By David Montgomery
Washington Post Staff Writer
Tuesday, June 5, 2007
A panel of Marine Corps officers yesterday evening recommended a less severe sanction than Marine investigators had proposed for a reservist who protested the war while wearing parts of his uniform during a theatrical demonstration in Washington in March.
Adam Kokesh should receive a "general discharge under honorable conditions," the panel ruled, according to his lawyer, Michael Lebowitz. A Marine investigator and a lawyer acting as prosecutor for the corps had sought to have Kokesh, 25, separated from the reserves under a somewhat harsher "other than honorable" discharge. Kokesh already had been honorably discharged from active duty after serving in Iraq.
"This is a nonpunitive discharge," Col. Patrick McCarthy, chief of staff for the Marine Corps Mobilization Command, told the Associated Press.
Kokesh said he might appeal the ruling, which has yet to be approved by the commanding general.
"Frankly, I'm very disappointed with this decision and I'm very disappointed with the board members who made it," Kokesh told the Associated Press. "I do not think it was in the Marine Corps spirit to take the easy road or to not take a stand. In the words of Dante, the hottest layers of hell are reserved for those who in times of moral crisis maintain their neutrality, and I think that's what happened here today," he said.
"They took the safe, easy route," said Lebowitz, who characterized the ruling as saying that "he's kind of honorable, but he's not dishonorable." Lebowitz said Kokesh may file an appeal in federal court, if the panel's recommendation is endorsed by a Marine Corps general, which is the next procedural step.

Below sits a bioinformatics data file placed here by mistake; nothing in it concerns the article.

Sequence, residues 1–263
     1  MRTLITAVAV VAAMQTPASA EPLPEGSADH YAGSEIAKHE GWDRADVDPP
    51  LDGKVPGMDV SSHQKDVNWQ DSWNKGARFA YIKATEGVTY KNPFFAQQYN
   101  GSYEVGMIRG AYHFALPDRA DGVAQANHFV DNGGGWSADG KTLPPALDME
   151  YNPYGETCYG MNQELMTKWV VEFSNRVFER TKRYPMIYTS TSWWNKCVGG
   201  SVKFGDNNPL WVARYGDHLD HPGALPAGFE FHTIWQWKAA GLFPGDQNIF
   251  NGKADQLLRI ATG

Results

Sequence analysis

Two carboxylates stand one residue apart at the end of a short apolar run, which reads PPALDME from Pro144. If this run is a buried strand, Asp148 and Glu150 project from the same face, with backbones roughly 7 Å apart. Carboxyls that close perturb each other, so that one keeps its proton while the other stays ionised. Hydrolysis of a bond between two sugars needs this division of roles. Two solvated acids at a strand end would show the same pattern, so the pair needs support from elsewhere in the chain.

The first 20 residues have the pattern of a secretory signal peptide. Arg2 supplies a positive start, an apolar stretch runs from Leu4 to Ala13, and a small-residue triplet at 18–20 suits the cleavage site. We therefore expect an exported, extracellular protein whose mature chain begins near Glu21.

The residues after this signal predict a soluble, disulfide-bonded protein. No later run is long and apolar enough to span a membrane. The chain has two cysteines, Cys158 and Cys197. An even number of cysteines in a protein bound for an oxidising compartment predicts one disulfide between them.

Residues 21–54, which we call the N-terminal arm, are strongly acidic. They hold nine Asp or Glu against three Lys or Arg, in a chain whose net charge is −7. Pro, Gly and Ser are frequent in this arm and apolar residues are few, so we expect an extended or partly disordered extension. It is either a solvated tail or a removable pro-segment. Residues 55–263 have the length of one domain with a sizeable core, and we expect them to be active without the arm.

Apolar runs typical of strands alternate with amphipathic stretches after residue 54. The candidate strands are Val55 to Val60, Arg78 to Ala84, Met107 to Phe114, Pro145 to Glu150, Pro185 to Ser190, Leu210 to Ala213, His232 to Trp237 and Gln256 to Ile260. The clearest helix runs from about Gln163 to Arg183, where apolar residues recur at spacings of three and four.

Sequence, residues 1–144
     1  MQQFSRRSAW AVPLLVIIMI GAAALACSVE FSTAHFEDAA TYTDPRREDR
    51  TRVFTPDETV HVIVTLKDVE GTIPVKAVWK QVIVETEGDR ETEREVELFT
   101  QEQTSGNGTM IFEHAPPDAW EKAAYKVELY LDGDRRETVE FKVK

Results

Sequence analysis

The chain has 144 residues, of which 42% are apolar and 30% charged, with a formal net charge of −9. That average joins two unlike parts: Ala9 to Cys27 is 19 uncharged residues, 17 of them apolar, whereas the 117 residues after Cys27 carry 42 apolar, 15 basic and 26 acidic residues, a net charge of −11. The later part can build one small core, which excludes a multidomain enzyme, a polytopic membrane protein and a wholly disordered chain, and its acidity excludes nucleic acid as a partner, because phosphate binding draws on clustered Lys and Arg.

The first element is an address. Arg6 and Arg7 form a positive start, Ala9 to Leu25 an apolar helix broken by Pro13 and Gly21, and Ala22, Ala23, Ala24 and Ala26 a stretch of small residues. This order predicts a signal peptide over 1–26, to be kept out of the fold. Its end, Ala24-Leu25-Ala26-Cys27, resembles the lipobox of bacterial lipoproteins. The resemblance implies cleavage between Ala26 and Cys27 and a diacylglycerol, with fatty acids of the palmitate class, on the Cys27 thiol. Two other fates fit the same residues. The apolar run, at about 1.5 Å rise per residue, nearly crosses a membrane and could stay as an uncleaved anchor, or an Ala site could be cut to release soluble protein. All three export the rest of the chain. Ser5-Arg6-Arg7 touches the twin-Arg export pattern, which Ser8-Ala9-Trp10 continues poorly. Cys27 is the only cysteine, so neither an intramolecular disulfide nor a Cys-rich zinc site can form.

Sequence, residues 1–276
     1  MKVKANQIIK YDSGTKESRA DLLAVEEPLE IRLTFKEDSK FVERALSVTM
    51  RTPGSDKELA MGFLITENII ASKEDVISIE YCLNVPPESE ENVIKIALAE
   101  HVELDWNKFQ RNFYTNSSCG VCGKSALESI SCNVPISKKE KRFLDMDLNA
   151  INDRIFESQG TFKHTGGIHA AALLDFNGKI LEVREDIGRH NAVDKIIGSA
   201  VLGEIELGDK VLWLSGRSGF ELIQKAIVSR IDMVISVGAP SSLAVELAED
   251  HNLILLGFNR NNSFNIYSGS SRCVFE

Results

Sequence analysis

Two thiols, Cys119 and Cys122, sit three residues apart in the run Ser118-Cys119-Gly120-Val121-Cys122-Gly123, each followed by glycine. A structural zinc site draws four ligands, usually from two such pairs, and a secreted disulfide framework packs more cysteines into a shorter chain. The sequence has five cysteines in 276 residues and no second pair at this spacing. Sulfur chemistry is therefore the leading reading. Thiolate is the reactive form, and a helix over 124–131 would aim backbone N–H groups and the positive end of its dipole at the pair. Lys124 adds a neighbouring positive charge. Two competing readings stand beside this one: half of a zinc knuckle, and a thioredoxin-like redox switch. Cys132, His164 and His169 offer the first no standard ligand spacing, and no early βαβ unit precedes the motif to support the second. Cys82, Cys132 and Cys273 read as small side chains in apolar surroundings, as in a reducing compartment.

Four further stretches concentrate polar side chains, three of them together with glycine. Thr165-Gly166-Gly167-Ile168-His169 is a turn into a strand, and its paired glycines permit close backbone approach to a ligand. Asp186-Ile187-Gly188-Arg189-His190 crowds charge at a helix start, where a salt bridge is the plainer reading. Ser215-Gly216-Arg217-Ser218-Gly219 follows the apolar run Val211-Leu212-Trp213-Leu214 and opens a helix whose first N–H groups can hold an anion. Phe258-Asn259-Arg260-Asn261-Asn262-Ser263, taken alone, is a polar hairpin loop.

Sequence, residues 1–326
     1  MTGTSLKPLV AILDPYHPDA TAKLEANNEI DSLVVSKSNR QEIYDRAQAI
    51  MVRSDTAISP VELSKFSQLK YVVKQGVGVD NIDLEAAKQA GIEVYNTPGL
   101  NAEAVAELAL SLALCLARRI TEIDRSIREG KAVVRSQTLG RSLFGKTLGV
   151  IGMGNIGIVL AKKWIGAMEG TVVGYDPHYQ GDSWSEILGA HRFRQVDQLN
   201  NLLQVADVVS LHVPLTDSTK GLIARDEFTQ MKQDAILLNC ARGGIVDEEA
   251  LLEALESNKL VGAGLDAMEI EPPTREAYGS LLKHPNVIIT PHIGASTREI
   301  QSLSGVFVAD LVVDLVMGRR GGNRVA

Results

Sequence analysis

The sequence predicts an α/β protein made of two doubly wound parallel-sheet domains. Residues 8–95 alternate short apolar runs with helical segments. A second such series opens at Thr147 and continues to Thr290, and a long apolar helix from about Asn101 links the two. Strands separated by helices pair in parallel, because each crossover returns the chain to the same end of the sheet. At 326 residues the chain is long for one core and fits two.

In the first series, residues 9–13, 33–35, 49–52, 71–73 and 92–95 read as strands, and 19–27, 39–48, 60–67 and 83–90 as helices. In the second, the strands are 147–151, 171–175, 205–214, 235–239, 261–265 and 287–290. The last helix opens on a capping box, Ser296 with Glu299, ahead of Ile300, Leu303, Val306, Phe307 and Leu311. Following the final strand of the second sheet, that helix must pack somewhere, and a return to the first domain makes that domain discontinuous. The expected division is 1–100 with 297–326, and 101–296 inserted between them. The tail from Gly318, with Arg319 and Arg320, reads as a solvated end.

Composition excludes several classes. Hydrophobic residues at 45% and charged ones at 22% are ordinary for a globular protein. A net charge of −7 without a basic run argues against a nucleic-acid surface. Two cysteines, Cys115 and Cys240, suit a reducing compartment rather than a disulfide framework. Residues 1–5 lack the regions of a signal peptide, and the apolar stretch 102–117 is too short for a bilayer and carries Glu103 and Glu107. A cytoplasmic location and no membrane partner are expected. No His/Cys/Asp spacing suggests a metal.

"There's still a First Amendment issue involved," Lebowitz said. "We have a lot to go on if we take it to federal court."
The less severe discharge means Kokesh probably would not lose health benefits from the military, Lebowitz said. However, it is still a stain on his honor, implying that the reservist was doing something wrong -- which Kokesh denies.
The all-day hearing took place at the mobilization command in Kansas City, Mo.
Kokesh, now a graduate student at George Washington University, was one of 13 members of Iraq Veterans Against the War who staged a mock patrol of Capitol Hill and downtown Washington, clad in camouflage and carrying imaginary weapons, to mark the fourth anniversary of the war's start.
Kokesh and two other Marine reservists, also honorably discharged from active duty in Iraq, who participated in the demonstration received letters from the Marines warning them not to wear uniforms during political activity. Kokesh replied with a detailed e-mail about his views and concluded with a profanity aimed at the investigating officer, which earned him a second charge of "disrespectful" speech.
Kokesh and the other two Marine protesters are members of the Individual Ready Reserve, a category of former active-duty men and women who are not paid, do not drill and do not have a chain of command.
One of the other two reservists, Cloy Richards, who is 80 percent disabled after two tours in Iraq, agreed to stop wearing his uniform so he wouldn't lose his benefits, according to his mother. The other, Liam Madden, was also accused of "disloyal" statements for criticizing the war effort in a speech he gave while not wearing his uniform. A hearing for Madden has yet to be scheduled.